Little Things Mean a Lot

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"Little Things Mean a Lot" is a popular song written by Edith Lindeman (lyrics) and Carl Stutz (music), published in 1953.[1] Lindeman was the leisure editor of the Richmond Times-Dispatch, and Stutz, a disc jockey from Richmond, Virginia.[1] Stutz and Lindeman are also known for writing Perry Como's 1959 hit, "I Know" (which reached No.47 on the U.S. Billboard chart and No.13 on the UK Singles Chart).

The best known recording of "Little Things Mean a Lot," by Kitty Kallen (Decca 9-29037), reached No.1 on the U.S. Billboard chart in 1954, and also reached No.1 on the Cash Box chart the same year. In addition, the track climbed to the top spot in the UK Singles Chart in September of that same year.[1]

A cover of the song was done by Alma Cogan with orchestra conducted by Geoff Love in London on May 22, 1954. Cogan's recording was released by EMI on the His Master's Voice label as catalog number B 10717 and reached No. 11 in the UK. The flip side was "Canoodlin' Rag."

A Top 40 hit again in the U.S. in 1960 when a recording by Joni James reached No.35, "Little Things Mean a Lot" was a U.S. C&W hit in 1978 for Margo Smith, whose version reached No.3 C&W and also charted at No.42 on the Adult Contemporary chart. In 1985 a remake of the song by Dana reached No.27 in Ireland. "Little Things Mean a Lot" has also been recorded by Cilla Black, Julie London, Susan Maughan, Cliff Richard, Patty Duke, Bettye Swann and Little Shoes Big Voice.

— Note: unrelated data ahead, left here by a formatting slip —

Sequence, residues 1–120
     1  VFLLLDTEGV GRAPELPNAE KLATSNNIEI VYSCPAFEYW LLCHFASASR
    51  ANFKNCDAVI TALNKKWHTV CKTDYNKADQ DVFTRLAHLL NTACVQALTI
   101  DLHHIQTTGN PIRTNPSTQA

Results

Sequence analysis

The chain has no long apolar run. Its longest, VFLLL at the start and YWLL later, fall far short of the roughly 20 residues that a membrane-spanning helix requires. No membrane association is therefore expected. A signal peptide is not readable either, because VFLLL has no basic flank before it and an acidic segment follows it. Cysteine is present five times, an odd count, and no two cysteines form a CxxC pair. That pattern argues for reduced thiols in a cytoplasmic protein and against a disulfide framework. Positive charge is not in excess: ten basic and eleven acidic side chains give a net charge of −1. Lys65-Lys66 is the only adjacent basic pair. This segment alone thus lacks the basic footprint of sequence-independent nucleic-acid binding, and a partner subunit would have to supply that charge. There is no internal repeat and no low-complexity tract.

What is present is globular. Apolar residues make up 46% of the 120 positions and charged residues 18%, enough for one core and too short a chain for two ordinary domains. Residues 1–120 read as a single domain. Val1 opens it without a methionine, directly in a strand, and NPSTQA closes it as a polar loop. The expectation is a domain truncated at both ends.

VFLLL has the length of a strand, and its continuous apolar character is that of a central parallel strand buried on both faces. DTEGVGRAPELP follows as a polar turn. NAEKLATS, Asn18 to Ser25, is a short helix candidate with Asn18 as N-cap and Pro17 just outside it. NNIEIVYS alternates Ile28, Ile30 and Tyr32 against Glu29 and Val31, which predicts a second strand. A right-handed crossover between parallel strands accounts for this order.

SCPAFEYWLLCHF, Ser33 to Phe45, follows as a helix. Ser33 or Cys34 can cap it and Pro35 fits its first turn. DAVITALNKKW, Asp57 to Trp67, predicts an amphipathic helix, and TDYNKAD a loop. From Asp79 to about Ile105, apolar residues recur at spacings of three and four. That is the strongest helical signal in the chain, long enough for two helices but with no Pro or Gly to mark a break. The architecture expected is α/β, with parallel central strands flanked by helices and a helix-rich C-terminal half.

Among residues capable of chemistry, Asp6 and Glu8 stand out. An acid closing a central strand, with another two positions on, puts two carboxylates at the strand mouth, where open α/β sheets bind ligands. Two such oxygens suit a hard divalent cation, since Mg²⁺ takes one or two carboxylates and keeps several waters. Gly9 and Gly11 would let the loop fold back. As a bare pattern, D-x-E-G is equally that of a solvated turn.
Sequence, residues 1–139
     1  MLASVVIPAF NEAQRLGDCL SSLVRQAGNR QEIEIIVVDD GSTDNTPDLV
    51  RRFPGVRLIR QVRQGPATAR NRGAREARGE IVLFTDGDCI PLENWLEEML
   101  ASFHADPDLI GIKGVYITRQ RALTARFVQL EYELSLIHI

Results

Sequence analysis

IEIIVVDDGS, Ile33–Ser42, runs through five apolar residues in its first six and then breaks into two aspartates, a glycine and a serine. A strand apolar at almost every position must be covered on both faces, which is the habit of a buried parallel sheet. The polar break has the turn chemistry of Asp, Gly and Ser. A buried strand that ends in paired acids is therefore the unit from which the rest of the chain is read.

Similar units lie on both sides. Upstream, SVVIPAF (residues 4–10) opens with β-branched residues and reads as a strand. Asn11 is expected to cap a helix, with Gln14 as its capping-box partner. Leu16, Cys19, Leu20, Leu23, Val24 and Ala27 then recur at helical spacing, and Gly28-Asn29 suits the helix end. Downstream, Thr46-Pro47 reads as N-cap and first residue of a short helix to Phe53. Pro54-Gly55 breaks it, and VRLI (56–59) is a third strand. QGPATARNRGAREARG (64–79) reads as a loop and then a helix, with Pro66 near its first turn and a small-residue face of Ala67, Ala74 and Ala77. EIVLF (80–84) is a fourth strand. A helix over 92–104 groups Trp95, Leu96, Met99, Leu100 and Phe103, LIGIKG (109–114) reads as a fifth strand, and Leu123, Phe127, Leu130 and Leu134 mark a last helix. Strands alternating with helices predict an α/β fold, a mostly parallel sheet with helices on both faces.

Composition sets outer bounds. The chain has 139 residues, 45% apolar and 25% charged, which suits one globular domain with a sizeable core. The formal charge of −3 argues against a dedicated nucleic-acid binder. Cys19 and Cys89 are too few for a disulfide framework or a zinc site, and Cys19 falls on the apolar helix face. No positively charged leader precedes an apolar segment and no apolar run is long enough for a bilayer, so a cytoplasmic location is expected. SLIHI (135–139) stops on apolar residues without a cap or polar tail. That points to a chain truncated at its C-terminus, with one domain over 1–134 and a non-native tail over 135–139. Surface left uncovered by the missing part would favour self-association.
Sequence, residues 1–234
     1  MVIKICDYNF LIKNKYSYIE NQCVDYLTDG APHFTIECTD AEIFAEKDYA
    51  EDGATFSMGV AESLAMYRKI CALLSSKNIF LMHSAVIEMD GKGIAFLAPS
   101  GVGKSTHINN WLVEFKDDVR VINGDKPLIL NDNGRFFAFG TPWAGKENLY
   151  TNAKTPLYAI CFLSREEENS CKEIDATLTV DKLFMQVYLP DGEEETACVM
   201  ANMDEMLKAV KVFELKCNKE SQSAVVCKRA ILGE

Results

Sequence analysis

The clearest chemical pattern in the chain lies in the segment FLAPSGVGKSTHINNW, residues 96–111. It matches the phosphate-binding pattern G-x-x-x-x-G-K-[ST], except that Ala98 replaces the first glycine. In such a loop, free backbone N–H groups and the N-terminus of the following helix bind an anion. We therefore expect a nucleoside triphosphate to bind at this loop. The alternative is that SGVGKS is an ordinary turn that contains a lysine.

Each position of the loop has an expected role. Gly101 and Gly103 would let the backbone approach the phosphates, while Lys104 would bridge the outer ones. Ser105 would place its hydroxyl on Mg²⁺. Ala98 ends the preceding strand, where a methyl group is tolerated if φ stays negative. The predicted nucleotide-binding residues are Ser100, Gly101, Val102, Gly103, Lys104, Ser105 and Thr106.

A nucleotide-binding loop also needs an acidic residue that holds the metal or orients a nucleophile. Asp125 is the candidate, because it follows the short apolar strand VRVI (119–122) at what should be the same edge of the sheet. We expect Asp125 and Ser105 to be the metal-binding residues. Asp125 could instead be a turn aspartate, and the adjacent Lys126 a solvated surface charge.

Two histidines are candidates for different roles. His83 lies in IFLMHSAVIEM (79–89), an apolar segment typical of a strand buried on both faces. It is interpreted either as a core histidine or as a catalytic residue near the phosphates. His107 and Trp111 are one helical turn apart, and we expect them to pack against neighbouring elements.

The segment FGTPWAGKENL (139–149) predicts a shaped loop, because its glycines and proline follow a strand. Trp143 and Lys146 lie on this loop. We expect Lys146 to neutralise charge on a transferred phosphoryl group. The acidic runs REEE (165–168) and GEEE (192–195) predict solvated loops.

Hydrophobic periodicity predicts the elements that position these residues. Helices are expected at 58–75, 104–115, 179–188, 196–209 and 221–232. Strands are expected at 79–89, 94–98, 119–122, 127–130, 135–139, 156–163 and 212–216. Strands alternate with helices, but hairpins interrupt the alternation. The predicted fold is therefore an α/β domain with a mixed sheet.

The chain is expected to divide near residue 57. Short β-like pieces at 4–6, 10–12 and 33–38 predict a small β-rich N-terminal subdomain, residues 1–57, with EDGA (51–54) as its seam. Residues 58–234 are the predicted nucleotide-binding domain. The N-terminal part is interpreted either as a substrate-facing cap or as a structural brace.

Otto Leisner wrote lyrics for a Danish rendering entitled "Småting kan sige alt" recorded by Raquel Rastenni, acc. Harry Felbert's sextet, Cond.: Harry Felbert, recorded in Copenhagen in 1954. The song was released on His Master's Voice X 8211. It was arranged by Børge Nordlund.

References[edit]

  1. ^ a b c Rice, Jo (1982). The Guinness Book of 500 Number One Hits (1st ed.). Enfield, Middlesex: Guinness Superlatives Ltd. p. 14. ISBN 0-85112-250-7. 
Preceded by
"Wanted"
Cash Box magazine best selling record chart
#1 record

June 5, 1954 – June 19, 1954
Succeeded by
"Three Coins in the Fountain"
Preceded by
"Three Coins in the Fountain"
Cash Box magazine best selling record chart
#1 record

July 3, 1954 – July 10, 1954
Succeeded by
"Three Coins in the Fountain"
Preceded by
"Three Coins in the Fountain"
Cash Box magazine best selling record chart
#1 record

July 24, 1954 – July 31, 1954
Succeeded by
Sh-Boom
Preceded by
"Cara Mia" by David Whitfield
UK Singles Chart Number 1 single
Kitty Kallen

10 September 1954 for 1 week
Succeeded by
"Three Coins in the Fountain" by Frank Sinatra